The arrogant imperialist Bush Administration has so far managed to piss off:
*The Democratic members of Congress, naturally, who have been treated by the Publican leadership as if they were either escaped criminals, mentally deficient, or children who should be seen and not heard;
*Rank-and-file Democrats, of course, who are lined up ten-deep in the Dump Bush line after 3 solid years of broken promises, Orwellian policies (Healthy Forests, No Child Left Behind, Support Our Troops, etc etc etc), Bushian logic (if things are getting worse, that means they’re getting better), and the most obvious and wide-spread crony-capitalism since Warren Harding;
*The US Intelligence Community, which BushCo has made the scapegoat for 1) their own failure to defend the US from threatened terrorist attacks that the CIA, Mossad, MI6, Interpol, and the out-going Clinton NSC all repeatedly warned them were coming and which finally took place without any interference from BushCo on 9/11, 2) their refusal to listen when CIA analysts insisted that the UN inspectors were right and there was no evidence of WMD’s in Iraq before the war, and 3) their insistence on crediting master con-artist Ahmad Chalabi’s fairy tales about a country he hadn’t seen in more than 40 years despite the IC’s evidence that he was lying and hugely misrepresenting both his own influence in Iraq and that of the INC;
*Some of their own pet Congressional Republicans, angry over stonewalling, lies under oath, and treatment similar to what they hand the Democrats if they dare to question the WH’s revised version of history;
*Sizeable segments of the military after: lying to them about Iraq; cutting their benefits, cutting their pay, cutting their school allowance, cutting their health care, cutting their housing allowance, cutting their death benefits, making them pay their own way home when they finally get leave from Iraq, and even refusing to pay soldiers tortured during the First Gulf War their legally mandated compensation (Scott McClelland’s answer in today’s Press Briefing seemed to amount to “No amount of money can compensate them for what they went through, so that’s what we’ll give them–no amount.” [see Tom Tommorrow for the link and an excerpt]);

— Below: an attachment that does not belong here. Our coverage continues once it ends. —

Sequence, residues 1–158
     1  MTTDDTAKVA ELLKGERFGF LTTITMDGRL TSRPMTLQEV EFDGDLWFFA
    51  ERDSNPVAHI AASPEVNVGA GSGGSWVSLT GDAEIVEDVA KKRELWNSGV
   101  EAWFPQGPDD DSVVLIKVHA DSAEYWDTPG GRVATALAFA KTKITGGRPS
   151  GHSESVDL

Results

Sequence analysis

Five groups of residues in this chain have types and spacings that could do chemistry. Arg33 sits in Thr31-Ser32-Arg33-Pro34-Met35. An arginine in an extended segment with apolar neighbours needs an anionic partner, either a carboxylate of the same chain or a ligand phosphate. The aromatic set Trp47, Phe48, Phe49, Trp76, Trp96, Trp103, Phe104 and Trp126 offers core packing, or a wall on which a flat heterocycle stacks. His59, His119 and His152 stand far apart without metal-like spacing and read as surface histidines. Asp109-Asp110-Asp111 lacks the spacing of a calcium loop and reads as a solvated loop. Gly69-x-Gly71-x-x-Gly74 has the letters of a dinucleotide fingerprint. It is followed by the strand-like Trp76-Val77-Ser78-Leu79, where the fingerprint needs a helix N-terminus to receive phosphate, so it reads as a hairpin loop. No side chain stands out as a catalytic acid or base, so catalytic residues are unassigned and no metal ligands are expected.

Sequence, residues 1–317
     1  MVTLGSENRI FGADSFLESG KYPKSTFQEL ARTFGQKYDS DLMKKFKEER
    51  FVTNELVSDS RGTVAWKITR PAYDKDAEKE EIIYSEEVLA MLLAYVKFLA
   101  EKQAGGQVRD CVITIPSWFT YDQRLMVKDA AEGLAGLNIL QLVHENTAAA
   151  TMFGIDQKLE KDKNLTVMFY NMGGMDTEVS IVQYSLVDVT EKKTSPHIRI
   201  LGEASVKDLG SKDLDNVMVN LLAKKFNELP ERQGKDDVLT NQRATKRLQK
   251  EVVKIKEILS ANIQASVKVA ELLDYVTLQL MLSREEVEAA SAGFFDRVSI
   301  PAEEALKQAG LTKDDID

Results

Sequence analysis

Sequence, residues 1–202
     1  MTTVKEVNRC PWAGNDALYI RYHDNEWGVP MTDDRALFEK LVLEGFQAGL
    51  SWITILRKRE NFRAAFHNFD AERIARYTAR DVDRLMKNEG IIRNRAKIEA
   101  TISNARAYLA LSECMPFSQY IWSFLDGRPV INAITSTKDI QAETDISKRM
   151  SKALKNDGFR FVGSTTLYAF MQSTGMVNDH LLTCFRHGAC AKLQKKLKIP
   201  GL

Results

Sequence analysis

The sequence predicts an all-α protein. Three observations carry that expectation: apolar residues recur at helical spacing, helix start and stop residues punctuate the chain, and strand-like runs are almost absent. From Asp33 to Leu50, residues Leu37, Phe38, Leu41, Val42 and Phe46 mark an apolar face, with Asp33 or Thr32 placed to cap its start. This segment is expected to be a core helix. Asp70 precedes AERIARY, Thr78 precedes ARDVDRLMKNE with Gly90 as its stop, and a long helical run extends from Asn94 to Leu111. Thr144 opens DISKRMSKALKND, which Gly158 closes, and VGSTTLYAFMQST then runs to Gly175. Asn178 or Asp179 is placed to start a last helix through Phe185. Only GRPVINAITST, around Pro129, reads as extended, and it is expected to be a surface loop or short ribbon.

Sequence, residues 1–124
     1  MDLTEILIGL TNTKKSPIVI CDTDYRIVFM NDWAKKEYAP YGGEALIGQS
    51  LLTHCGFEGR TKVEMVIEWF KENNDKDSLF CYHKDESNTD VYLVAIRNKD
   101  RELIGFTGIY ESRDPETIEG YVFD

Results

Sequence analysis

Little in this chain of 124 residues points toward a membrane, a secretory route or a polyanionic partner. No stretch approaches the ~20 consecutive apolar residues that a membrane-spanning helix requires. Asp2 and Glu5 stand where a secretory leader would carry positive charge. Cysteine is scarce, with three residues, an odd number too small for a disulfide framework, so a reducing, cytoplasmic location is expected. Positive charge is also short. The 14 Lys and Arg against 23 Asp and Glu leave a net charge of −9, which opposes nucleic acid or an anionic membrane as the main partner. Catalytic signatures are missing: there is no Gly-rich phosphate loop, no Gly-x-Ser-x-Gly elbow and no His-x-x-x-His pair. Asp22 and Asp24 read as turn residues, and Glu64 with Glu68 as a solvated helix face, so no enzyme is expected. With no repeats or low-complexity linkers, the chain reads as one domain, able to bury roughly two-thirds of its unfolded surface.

*The whole rest of the world for so many reasons it’s impossible even to list them all, from the wholesale pull-out of the Bush Admin from virtually every international treaty in which we were involved (including the International Treaty on Children’s Rights, for god’s-sake) to its screw-you-we-can-do-what-we-want-we-don’t-need-you attitude before the Second Gulf War.
According to the NY Times, we may be able to round out this list by adding the Supreme Court:
WASHINGTON, Nov. 10 — Setting the stage for a historic clash between presidential and judicial authority in a time of military conflict, the Supreme Court agreed on Monday to decide whether prisoners at the United States naval base at Guantánamo Bay, Cuba, are entitled to access to civilian courts to challenge their open-ended detention.
Why would the heretofore Bush-friendly SCOTUS suddenly be willing to entertain a question they’ve been ducking for 2 years? Methinks it might have something to do with this argument from Solicitor General Ted Olsen, the man who convinced them to break all their own precedents to put George on the throne in the first place:
The brief filed for the Britons and Australians by the Center for Constitutional Rights, a liberal public interest law firm in New York, told the court that “we alone exercise power at Guantánamo Bay” and that the base should therefore be treated for jurisdictional purposes as part of the United States. In the administration’s view, not only is that conclusion incorrect but it is not one that the court is free to make. The determination of sovereignty over a particular territory is “not a question on which a court may second-guess the political branches,” Solicitor General Olson said in his brief. (emphasis added)
IOW, “Butt out, The Court’s got no right to tell us what to do.” Uh-huh. It’s at least possible that having the Admin lawyer center his argument around their irrelevancy ticked them off just a tad. As a result, the SCOTUS threw out the way Olsen framed the suit: